>> do you think it can affect the election in 2020. >> it divides the country. >> and joining me now fromrk ne s the chairman of the house judiciary committee, democrat gerald nadler, congressman nadler, welcome back to "meet the press qwe" sir. >> good morning. >> what do y believe is the finition of principal conclusion? >> well, i don'tknow. i don't know what's in the mueller report, and we'll just have to wait a see, but here's what i do know. what i know is that it's critical that everything in that report and the underlying evidence be in the blic and be open to the american people and that transparency is key. america needs answers as to what's been going on and i hopeo the departme justice will not leave things hanging by seeking to keephings secret. i also know that the department of justice believes that itan
cannot, unde circumstances indict a president for anything. >> right. they believe they cannot hold a sitting president accountable and accordingly, the only other institution that can is congress and congress must get all of the evidence that the department of justice may have in order to exercise o function of being able to hold the president accountable. if we don'to that and can't do that then the president sffectively is above the law. >> that brings to this ambiguous phrase, right? executive privilege. i'm just curious, whogets to decide -- who gets to arbitrate this? is this up to nee attorney l? >> well, no. the president mu personally assert executive privilege, and i do not believe it exists here at all because as we learn from the nixon tapes case, executive privilege cannot be used to hide wrongdoing, and in that case the
supreme court 9-0 ordered that all the claims o executive privilege be overwritten and the tapes be public, so i don't think -- the president may try to assert it and may try to hide things behind it. ino will say weother thing which are relevant here and we know that the president pressured the fbi director to go easy and to drop the investigation on mike flynn and some others and we know that he fired the fbi director for not thatg the personal loyalty he demanded and for not dropping those investigations. we know that many of the esident's closest associates, his national security adviser have been convted of krims aaem and he's waged a two-year campaign to attack the fbi, the special prosecutor, all to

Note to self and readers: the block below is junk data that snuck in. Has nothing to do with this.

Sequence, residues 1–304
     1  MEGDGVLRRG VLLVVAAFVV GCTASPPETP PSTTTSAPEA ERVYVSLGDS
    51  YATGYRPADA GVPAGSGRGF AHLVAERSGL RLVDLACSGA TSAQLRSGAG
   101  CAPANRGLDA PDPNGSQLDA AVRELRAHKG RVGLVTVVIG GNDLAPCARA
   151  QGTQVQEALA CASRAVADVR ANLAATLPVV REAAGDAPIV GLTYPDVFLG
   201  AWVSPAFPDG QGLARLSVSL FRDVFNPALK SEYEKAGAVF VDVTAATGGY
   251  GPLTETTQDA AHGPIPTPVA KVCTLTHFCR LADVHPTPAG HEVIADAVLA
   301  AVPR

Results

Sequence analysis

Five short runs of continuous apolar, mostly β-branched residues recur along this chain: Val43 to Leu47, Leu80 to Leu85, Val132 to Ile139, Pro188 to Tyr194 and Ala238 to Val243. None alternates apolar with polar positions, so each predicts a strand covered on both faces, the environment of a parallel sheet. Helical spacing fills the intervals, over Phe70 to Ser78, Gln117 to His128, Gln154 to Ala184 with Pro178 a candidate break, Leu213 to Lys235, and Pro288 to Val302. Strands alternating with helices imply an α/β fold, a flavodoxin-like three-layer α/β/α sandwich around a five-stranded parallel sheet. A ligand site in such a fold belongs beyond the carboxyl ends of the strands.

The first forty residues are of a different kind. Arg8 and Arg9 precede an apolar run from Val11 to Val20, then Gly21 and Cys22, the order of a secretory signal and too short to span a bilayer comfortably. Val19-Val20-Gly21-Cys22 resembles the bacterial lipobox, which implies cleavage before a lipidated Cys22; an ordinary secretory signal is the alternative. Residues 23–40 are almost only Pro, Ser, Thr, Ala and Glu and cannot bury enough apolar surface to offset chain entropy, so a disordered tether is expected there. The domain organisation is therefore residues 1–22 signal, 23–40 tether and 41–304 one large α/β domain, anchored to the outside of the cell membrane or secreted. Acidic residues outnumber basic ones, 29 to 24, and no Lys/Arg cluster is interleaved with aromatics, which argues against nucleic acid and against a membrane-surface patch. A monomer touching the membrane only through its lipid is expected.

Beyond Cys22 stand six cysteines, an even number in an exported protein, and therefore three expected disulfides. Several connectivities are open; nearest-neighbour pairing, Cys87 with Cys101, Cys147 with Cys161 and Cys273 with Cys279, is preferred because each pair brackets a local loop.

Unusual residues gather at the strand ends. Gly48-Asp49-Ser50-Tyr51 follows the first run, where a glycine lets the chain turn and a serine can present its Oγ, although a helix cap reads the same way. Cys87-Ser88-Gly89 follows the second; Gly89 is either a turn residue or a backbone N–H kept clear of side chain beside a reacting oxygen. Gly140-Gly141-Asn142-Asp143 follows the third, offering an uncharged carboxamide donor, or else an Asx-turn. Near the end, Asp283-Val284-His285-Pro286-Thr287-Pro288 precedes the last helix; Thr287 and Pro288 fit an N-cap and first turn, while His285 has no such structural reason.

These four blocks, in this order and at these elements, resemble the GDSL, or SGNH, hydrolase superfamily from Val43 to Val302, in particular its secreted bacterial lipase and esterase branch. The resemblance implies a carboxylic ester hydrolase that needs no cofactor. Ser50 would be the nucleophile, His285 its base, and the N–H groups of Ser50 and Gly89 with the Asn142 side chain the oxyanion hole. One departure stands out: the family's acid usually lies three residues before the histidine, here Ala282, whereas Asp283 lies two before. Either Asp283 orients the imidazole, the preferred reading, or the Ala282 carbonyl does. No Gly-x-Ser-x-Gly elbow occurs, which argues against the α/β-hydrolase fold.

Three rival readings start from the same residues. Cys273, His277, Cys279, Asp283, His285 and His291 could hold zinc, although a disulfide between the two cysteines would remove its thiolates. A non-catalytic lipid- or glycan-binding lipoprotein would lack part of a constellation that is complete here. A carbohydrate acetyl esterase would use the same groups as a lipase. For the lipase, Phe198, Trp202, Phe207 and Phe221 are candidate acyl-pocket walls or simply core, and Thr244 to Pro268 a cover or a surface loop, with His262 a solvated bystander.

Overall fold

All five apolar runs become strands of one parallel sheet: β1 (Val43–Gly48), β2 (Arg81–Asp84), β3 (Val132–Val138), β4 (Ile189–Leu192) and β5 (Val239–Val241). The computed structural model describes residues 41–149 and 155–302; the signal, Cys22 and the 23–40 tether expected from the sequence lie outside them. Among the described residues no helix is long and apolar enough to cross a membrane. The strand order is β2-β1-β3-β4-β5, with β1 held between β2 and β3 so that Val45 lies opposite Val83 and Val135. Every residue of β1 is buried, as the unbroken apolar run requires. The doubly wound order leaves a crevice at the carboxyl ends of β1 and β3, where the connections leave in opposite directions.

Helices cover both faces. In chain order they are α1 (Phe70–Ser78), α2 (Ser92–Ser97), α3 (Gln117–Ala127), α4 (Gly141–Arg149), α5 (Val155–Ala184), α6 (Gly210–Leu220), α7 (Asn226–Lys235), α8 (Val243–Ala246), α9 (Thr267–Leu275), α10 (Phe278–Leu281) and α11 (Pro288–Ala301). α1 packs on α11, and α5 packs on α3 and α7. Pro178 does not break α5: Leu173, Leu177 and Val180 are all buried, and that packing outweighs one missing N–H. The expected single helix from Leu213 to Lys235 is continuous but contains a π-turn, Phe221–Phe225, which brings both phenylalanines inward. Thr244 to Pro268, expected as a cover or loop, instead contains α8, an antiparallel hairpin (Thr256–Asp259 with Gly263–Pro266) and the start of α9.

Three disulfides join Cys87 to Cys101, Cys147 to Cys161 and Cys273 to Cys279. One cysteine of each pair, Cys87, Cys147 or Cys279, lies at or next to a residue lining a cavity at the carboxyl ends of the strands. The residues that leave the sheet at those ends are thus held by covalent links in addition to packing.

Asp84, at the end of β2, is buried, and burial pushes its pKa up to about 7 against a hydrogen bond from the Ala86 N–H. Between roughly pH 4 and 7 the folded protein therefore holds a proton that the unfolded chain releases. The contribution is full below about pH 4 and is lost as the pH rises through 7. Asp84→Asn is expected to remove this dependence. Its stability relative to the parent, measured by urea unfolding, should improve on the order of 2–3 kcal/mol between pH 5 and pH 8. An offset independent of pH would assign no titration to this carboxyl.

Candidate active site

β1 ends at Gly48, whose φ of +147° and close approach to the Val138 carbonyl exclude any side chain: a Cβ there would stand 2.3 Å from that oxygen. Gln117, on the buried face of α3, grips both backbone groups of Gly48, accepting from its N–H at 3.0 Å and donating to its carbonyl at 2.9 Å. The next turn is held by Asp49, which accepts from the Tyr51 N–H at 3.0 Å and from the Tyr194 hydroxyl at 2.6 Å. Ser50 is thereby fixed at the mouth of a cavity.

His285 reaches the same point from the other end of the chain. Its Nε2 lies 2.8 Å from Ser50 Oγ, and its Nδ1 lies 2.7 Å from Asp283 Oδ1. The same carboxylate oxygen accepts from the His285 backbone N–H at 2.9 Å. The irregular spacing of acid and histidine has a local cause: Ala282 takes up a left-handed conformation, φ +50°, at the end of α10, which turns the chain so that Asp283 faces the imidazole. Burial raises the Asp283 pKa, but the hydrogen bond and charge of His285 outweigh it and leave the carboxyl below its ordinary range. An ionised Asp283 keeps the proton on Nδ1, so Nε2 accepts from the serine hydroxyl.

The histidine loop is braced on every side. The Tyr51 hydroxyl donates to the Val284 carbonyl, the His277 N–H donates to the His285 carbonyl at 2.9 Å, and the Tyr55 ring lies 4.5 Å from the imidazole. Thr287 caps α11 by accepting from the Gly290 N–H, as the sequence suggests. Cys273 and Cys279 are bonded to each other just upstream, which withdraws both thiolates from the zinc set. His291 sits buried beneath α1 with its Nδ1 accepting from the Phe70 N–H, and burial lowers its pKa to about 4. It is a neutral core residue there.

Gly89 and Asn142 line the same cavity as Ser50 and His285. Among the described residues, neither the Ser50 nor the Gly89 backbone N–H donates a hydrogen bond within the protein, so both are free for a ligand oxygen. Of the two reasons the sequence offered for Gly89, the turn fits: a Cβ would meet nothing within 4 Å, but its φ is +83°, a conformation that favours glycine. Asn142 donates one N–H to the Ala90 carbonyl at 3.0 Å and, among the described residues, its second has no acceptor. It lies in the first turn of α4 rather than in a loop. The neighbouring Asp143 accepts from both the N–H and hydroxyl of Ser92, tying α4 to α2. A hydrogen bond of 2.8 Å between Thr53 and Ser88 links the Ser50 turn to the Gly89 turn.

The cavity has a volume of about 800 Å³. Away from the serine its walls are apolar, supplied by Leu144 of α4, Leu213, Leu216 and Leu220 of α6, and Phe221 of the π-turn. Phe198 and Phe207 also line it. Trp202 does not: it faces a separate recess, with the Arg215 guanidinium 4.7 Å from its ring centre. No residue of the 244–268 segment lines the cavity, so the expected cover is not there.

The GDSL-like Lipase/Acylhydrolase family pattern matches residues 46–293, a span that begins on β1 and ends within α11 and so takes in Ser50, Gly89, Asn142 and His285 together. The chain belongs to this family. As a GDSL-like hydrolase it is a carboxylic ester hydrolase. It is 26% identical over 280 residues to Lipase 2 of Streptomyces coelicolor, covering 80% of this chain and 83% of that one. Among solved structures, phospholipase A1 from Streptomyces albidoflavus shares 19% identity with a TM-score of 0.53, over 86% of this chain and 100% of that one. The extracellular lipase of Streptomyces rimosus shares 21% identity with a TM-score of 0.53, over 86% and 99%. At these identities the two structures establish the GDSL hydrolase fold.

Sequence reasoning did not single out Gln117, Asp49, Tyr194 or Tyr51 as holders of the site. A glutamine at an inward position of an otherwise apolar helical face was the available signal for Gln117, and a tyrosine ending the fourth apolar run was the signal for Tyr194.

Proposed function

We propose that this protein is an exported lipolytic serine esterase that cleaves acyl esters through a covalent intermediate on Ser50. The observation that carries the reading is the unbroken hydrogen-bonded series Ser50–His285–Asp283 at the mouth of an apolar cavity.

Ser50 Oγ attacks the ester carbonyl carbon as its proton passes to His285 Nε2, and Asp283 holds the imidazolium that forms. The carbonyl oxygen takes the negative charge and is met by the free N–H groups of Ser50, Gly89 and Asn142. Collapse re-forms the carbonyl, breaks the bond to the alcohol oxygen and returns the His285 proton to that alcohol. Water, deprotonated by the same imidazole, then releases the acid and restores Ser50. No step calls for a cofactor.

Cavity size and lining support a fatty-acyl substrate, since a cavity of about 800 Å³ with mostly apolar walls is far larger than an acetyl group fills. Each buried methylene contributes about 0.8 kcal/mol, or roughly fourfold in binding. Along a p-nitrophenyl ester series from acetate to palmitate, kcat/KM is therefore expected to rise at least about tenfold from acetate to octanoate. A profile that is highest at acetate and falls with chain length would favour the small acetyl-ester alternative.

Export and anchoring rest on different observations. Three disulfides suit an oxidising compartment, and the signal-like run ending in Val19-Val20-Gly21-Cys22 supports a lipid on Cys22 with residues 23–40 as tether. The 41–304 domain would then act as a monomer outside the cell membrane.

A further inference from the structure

demean the power -- >> so don't you have enough evidence? >> -opof those p to hold him accountable. >> do you have enough evidence? do you need to see the mueller report -- you have the indictments that mueller has issued. you have the narratives in those indictments and you have pieces, you know exactly a lot, probably, of what's going to be in this report. it soundsike you already believe there's enough out there to prove obstruction. >> e there may bdence that goes the other way. there might be evidence that tends to be exonerating. we need to see all the evidence and we don't -- we shouldn't have to our time and the public's time and money re-creating the same information by interviewing all of the same witnesses. there's no need for that duplication at all. >> now do you interpret the no new indictments decision by the special counsel? >> well, i don't know how to
interpret that athis point. first of all, the special counsel, we know there are lots of investigations going on,nd by other agencies and the southern district of new yore and astern district of trginia and there may be indictments fromm. the story is not over. beyond that, we don't know the reasons again and the public needs to see the report. >> will yaccept bob mueller's conclusions in the report once you read the while? >> i assume bob mueller being a very good and thorough ofessional that there will be good and adequate documentation and reasoning ithe report to support his conclusions in which case it will assert them. if they don't have documentation theydon't do it. >> if he didn't find evidence of collusion here, does that make you temper veme of your igations?
>> i don't think it tempers th investigation. we have to look at whatever loose ends there are, and we have to look at whatever we don't know. >> do you plan o calling bob mueller to testify before your committee? necessary, but that's a very big if. you y would you sa wouldn't want to hear from him. i'll be honest, as an american citizen and asho a taxpayer helped take care of this report part of me would like to hear from him directly. >> that would be very pleasant, but thea is he gave his report, he speaks through that report. if that repo answers all our questions there would be no need to call himornd if that r is all public. if that report is not public, if large reports are not made public or it leaves a lot of questions then we'd have a necessity. >> you don'tl witnesses un ycessarily. don't call him if you feel the justice department isn't giving him the report. >> or if there are questions